But I digress. One of the better stories in this final 17 issue run was number 26. It featured the Riddler. He's a sad, pathetic lower level nemesis to Batman, and who is released from Gotham Jail after Commissioner Gordon figures out the latest Riddler heist without even involving Batman, because the arresting officer neglected to read Riddler his rights and the DA says it's not worth the effort to prosecute. Not a real world couple of reasons to stop a prosecution, but hey, it works for comics. Riddler takes a bus out of town to Hub City and meets a fellow passenger named Sphinx. She's a homicidal kind of crazy and a native of Hub City. That doesn't develop until Vic and Tot are on the bus after their car breaks down. The interplay between The Question and The Riddler, neither of whom is in costume, is an examination of the interplay between questions and riddles. As is often the case with the series, it's fun and thought provoking. The art was a bit distracting, though, with guest artist Bill Wray filling in for the usual Cowan and Magyar.
Perhaps what's best about the Question is that the lead character is not static. Many a series has started with major changes to a character, but we never really knew the character before those changes. We didn't here, either. But in other series, once the character makes his life altering changes, often as the result of a near death experience or the death of a loved one or innocent bystander, the character remains static. Here Vic Sage becomes a touch Zen in his pursuit of self development and awareness after being trained by Richard Dragon, but he digresses. He stops meditating and spends considerable amounts of time "romping and stomping" various criminal elements. He's going back to his pre-near death experience rage motivation and moving away from his goal of seeking answers.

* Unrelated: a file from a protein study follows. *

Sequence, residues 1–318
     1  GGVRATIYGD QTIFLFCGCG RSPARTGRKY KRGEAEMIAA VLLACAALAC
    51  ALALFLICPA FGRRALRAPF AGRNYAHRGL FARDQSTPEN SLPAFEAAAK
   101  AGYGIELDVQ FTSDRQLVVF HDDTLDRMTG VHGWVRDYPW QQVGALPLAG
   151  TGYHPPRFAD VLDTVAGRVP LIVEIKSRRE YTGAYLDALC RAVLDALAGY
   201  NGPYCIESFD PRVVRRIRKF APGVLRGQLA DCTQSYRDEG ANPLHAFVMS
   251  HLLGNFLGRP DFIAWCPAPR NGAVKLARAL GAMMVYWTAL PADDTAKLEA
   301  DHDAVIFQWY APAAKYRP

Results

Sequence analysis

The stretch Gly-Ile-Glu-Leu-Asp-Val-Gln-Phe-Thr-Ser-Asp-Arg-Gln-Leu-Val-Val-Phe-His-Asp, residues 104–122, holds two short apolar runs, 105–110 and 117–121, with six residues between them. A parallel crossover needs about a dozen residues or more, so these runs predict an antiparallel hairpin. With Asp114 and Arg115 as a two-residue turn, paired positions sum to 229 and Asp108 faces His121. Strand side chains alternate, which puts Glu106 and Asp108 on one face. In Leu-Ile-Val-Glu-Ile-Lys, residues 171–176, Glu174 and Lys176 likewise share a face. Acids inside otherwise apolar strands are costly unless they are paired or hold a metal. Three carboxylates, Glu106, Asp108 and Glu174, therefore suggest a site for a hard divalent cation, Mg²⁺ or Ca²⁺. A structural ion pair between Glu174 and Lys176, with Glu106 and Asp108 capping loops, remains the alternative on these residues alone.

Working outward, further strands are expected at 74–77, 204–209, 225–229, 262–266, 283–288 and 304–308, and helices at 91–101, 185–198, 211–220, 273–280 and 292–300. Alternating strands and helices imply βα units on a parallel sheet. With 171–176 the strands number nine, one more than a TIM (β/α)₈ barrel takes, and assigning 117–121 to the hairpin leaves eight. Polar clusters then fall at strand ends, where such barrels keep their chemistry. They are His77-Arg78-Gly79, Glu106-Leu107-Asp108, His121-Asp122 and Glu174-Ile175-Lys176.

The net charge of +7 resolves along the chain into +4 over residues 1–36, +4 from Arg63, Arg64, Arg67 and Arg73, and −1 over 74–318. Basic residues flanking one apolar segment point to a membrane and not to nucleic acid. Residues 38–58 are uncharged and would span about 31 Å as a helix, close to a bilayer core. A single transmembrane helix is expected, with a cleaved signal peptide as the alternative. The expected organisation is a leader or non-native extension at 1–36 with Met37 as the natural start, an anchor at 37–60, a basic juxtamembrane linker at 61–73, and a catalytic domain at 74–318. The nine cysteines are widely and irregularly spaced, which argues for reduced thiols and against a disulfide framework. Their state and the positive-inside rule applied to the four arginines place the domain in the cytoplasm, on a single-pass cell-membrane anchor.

The Question has moments where he returns to that seeking state, as when he doesn't turn in or pummel the Vietnam vet who killed a gang leader, but instead leaves the vet to wrestle with his own guilt. He also realizes how he's falling from what he had achieved as a seeker when Lady Shiva again easily kicks his ass. It's not until the final two issues that Sage really sees how he's gone off course and realizes that he can't continue his quest while still in Hub City because the city is so far gone it's pulling him away from what he should be doing.
The question, then, is who is the hero of this 36 issue story? Is it Vic Sage, who ends up leaving to save himself? Is it Myra Fermin, who soldiers on in the face of daunting odds? Is it Izzy O'Toole, one time king of the corrupt cops who's teetering on returning to those corrupt days after a mistaken conclusion that The Question has crossed over to crime? These would seem to be our 3 leading candidates, and Myra the obvious choice of hero. Nonetheless, the three also depict how doing what's "right" is different for different people. Yes, it's that right wing bugaboo, moral relativism. As though recognizing that everyone is different from everyone else and that one size doesn't fit all is somehow "wrong". Funny how that only holds true of lower income "scum". There's never been a cry from the right about the moral relativism that saw Rush Limbaugh serve no jail time for his illegal durg use. It's only wrong when it's "the other", not our own. Just look at how OJ Simpson's acquittal on murder charges was so right to some segments of the population, no matter that nearly everyone other than the 12 in the box concluded that he'd committed the crime. His victims were "others" to those who celebrated the acquittal and fair compensation for the wrongs done to them and theirs over the centuries.
Ah, The Question. I do love it so. Few comics inspire that kind of thinking. Or seem so unforced in inspiring it, as opposed to the Norman Osborne statement that Jim objected to awhile back. And I've never seen another letters column that had so much thinking going on with the writers. Some of them were totally off, but they were trying to think, in a reactionary sort of way. Like I said last week, if you can, get the single issues to get the whole experience. Trades will get you the stories, but not the discussions. Why, it's almost like a book club, just preserved in print for all time (or until the paper degrades).